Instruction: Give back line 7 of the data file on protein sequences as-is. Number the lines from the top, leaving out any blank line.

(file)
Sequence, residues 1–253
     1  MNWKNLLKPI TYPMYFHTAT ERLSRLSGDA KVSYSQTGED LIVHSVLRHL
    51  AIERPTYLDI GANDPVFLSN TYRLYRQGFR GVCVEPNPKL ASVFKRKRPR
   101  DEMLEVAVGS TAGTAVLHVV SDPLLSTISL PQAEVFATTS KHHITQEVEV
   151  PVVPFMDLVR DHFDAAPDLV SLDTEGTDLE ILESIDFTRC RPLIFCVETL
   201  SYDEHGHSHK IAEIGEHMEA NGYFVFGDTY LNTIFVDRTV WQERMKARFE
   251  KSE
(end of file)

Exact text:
   251  KSE